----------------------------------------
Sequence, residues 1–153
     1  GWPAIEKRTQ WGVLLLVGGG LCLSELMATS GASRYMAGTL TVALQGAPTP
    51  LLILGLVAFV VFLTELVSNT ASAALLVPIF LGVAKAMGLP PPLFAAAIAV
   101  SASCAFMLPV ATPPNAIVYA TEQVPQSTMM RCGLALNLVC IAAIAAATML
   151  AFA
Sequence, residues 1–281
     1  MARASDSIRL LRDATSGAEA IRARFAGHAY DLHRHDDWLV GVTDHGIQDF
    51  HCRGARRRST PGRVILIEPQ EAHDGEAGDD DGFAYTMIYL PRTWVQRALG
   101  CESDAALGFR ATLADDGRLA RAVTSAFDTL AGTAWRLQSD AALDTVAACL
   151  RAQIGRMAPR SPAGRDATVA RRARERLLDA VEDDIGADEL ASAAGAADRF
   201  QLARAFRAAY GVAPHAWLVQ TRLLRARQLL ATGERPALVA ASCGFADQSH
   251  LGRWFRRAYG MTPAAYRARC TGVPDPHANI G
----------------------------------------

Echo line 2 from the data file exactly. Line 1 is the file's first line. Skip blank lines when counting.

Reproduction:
     1  GWPAIEKRTQ WGVLLLVGGG LCLSELMATS GASRYMAGTL TVALQGAPTP